7 Important Steps to Take After Paying Off Your Mortgage Payments
You’ve been diligent at paying down and paying off your mortgage. You sacrificed more than once to assure yourself of a better future. Yes, you’ve paid your dues and now you get to enjoy your rewards!
Congratulations on paying off your mortgage payments! You’re now officially a homeowner with a lot more financial freedom. While this is an amazing milestone, there are a few things you need to do to make sure everything is squared away. This can help you avoid financial issues, make sure your property is protected, and get peace of mind as you enjoy your home.
Follow these seven steps after paying off your mortgage:
1. Check your credit report.
You should be doing this regularly anyway, but it’s critical after paying off a big loan like a mortgage. Confirm that the mortgage has been recorded as paid off and that there are no errors on your report. Otherwise, you could have a hard time getting approved for new loans or lines of credit if your score is lowered by an incorrect report.
You can request a free credit report from one or all of the three major credit reporting agencies in the US once per year at AnnualCreditReport.com.
2. Review your home insurance policy.
Your mortgage lender likely required you to have homeowners insurance while you were making payments. Now that the mortgage is paid off, you might be tempted to cancel your policy. But that could leave you unprotected if something happens to your home.
Take a close look at your policy and see if there are any changes you need to make now that you own your home outright. For example, you might need to adjust your coverage limits or get rid of certain riders that were required by your lender. Work with your insurance agent to make sure you have the right amount of coverage for your needs.
3. Update your will.
If you don’t have a will, now is the time to create one. And if you already have a will, you should update it to reflect your new status as a homeowner. Your will can designate what will happen to your property if you pass away, and it’s important to make sure it’s accurate.
4. Reorganize your budget.
You’re used to budgeting for a mortgage payment, but now that the mortgage is paid off, you’ll have some extra money each month. It’s essential to properly manage this money so you don’t end up in debt again.
One option is to put the money into savings. This can help you build up an emergency fund or save for a future goal, such as retirement. Another option is to use the money to pay down other debts, such as credit card debt. Or you might want to reinvest the money into your home, such as by making improvements or taking out a home equity loan.
5. Consider turning your home into a passive income generator.
If you have extra space in your home, such as a guest room or basement, you might want to consider renting it out. This can provide some additional income each month, which can be helpful if you’re trying to become debt-free or save for a future goal. You can even rent out the entire place if you have another place to live.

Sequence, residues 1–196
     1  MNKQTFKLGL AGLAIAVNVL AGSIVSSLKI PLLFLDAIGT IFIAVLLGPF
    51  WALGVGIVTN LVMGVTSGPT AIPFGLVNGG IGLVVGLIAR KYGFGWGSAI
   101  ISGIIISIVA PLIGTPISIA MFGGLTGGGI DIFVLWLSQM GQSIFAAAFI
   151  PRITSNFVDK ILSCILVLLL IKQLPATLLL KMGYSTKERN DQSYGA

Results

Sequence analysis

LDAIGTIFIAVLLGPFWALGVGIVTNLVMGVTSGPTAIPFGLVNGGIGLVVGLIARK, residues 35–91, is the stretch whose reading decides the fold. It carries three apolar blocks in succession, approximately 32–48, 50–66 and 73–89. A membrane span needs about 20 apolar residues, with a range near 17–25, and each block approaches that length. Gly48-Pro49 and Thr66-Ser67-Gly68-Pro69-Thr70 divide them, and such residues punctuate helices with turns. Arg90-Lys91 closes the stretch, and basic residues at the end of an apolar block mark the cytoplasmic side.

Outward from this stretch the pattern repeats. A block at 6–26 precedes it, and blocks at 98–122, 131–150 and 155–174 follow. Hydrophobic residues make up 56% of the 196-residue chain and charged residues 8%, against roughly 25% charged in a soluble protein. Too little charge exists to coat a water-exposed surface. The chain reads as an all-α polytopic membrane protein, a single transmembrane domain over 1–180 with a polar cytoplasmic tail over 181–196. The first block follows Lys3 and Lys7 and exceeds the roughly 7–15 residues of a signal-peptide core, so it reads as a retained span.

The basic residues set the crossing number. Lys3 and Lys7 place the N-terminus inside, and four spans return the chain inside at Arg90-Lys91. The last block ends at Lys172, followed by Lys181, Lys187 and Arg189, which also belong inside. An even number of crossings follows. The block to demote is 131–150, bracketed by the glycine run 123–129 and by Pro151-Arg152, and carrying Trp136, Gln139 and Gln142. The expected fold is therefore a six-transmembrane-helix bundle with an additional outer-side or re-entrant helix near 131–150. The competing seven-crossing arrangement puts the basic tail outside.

Just be sure to research your state and local laws before renting out part of your home. You might also want to work with a management company such as trusted property services in Boulder if you don’t want to handle the logistics yourself.
6. Invest in maintenance and repairs.
Now that you own your home outright, you’re solely responsible for any repairs or maintenance that needs to be done. This can be costly, so the best way to prepare is to start setting aside money each month for these expenses.
Some of the most common expenses associated with homeownership are:
- Replacing the roof
- Repaving the driveway
- Fixing the furnace
- Repairing leaks and other water damage
It’s a good idea to have at least 1-3% of your home’s value saved for these types of repairs. So if your home is worth $200,000, you should have at least $2,000 saved.
You might also want to consider getting a home warranty, which can help cover the cost of repairs for certain systems and appliances. This can give you peace of mind knowing that you won’t have to pay out of pocket if something breaks down.
7. Check your equity.
Equity is the portion of your home’s value that you actually own. So if your home is worth $200,000 and you owe $150,000 on your mortgage, you have $50,000 in equity.
You need to keep an eye on your equity because it can impact your ability to get a home equity loan or line of credit if you need one in the future. You can also use your equity to refinance your home or sell it and pocket the profits.
To monitor your equity, you can check the value of your home using an online home value estimator. Keep in mind that your home’s value can fluctuate over time, so it’s important to check it regularly.
Paying off your mortgage is a major accomplishment, but it’s one that also comes with a lot of responsibilities. These seven steps will help create a smoother transition into homeownership and ensure that you’re prepared for what’s to come.